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Since 2006, China’s private investment has maintained an average annual growth of more than 30 percent, according to the National Bureau of Statistics. During the first five months of 2012, private investment in fixed assets reached RMB 6.7743 trillion – a nominal year-on-year increase of 26.7 percent, accounting for 62.2 percent of China’s total investment in fixed assets.

At present, China’s state-owned and non-public economies are developing and prospering side by side, to which the country’s rapid, stable and sound economic growth is largely attributable.

Accelerating Market-oriented SOE Reform

State-owned enterprises constitute one of the cores of China’s economic reform, as reflected in the central government work focus in 2012. The State Council has given priority in economic restructuring to “pushing forward side-by-side development of the multiple ownership economy.” The SASAC’s promulgation of the Guiding Opinions on Actively Absorbing Private Investment during State-owned Enterprise Restructuring (14 Opinions on State-owned Assets) signified the restart of SOE reform under a new framework.

Although the participation of private capital in SOE restructuring is nothing new, this is the first time a state supervisory department has issued a document specifically encouraging private participation. In the past, private investment in state-owned enterprises, and participation of private investors in corporate governance and their seat quota on the board of shareholders entailed restrictive requirements. The 14 Opinions on State-owned Assets clearly stipulates that no auxiliary requirements are to be imposed on private investment upon its entry into state-owned enterprises. “The 14 Opinions is of great significance in two aspects. First, it encourages the participation of private capital in SOE reform and promotes fair competition on equal grounds among economic entities and various ownerships. This will take SOE reform a big step further in a market-oriented direction. Second, it emphasizes the importance of developing a mixed ownership economy, which will contribute to improvement of the country’ basic economic system,” chief economist at the China Business Research Center Li Jin said.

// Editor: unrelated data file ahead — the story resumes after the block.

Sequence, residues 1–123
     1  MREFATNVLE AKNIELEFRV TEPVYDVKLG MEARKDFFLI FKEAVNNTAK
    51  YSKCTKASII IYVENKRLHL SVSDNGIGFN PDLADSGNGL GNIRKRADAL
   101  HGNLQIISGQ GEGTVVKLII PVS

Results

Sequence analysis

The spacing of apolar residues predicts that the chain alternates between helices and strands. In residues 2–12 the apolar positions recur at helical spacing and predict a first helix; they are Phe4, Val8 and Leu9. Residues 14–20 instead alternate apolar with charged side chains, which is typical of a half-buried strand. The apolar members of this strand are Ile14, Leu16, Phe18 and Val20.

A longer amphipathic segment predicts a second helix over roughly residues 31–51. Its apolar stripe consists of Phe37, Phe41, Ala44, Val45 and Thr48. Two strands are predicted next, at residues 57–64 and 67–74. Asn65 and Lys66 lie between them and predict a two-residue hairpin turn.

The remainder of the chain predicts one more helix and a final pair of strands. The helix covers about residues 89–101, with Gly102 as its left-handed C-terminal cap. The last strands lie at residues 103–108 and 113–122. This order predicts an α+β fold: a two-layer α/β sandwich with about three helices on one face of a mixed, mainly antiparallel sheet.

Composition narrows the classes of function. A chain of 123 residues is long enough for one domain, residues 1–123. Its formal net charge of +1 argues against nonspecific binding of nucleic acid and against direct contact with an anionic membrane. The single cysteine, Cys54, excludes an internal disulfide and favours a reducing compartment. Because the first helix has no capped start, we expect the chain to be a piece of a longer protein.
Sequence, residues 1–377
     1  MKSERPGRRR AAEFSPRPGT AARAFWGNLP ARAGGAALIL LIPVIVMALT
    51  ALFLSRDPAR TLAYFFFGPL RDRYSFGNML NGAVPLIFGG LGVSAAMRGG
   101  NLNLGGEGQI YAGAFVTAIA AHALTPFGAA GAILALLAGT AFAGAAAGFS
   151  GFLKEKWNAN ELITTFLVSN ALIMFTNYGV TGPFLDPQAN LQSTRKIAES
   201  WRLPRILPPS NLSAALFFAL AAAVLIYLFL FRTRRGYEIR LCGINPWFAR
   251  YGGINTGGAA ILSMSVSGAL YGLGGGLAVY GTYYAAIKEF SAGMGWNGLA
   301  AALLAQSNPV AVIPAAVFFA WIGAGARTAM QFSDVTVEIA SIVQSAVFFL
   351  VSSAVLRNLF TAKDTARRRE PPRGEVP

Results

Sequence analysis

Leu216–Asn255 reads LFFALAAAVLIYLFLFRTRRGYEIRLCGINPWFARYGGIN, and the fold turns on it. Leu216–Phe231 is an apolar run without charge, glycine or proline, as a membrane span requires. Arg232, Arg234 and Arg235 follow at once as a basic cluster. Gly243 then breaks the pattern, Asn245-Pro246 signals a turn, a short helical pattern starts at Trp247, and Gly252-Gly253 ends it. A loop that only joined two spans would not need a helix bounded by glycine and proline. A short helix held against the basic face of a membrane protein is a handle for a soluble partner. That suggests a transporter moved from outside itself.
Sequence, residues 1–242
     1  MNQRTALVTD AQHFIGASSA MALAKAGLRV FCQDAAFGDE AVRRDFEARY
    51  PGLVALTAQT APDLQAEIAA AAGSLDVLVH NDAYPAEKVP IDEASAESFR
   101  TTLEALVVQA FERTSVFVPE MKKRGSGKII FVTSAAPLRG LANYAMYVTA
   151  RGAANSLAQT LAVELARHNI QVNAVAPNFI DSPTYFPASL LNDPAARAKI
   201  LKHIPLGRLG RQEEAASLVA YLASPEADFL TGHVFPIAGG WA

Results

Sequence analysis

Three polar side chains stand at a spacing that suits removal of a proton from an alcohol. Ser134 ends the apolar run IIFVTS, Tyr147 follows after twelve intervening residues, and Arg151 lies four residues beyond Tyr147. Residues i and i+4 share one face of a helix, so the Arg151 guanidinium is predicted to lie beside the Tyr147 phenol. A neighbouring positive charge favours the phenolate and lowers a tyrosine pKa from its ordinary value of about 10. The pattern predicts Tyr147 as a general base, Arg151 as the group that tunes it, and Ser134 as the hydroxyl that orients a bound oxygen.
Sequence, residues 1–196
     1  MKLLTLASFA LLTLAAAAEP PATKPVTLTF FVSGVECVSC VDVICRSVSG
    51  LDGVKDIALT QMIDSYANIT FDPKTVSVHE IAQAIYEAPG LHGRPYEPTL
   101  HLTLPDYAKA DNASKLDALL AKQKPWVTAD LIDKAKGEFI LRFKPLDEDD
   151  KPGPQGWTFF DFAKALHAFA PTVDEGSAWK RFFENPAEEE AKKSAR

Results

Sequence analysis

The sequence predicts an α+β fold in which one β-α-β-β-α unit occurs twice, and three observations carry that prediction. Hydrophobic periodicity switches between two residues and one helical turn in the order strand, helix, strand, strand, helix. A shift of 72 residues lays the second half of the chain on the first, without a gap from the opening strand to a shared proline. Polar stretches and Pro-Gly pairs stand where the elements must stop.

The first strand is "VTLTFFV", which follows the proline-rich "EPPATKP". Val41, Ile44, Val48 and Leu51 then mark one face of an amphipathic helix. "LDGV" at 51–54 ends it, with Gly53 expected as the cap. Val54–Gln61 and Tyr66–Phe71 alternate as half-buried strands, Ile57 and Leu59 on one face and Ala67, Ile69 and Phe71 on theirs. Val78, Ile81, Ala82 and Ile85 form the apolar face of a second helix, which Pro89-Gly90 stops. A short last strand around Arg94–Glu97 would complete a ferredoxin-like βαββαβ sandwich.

China’s auto manufacturing industry highlights the constructive role of private capital in boosting economic development. After China’s entry into the WTO, private enterprises such as the Great Wall, BYD and Geely successively entered the industry. This broke the monopoly of state-owned enterprises in the whole-auto manufacturing field and helped form a competitive industry. The resulting fall in automobile prices in the Chinese market fueled an impressive rise in China’s auto sales. DFSK Auto Co., Ltd, which combined state-owned resources with private capital, is an example of mixed ownership economy. In less than 10 years, DFSK has risen from a new entity to the third biggest player in China’s mini-van market.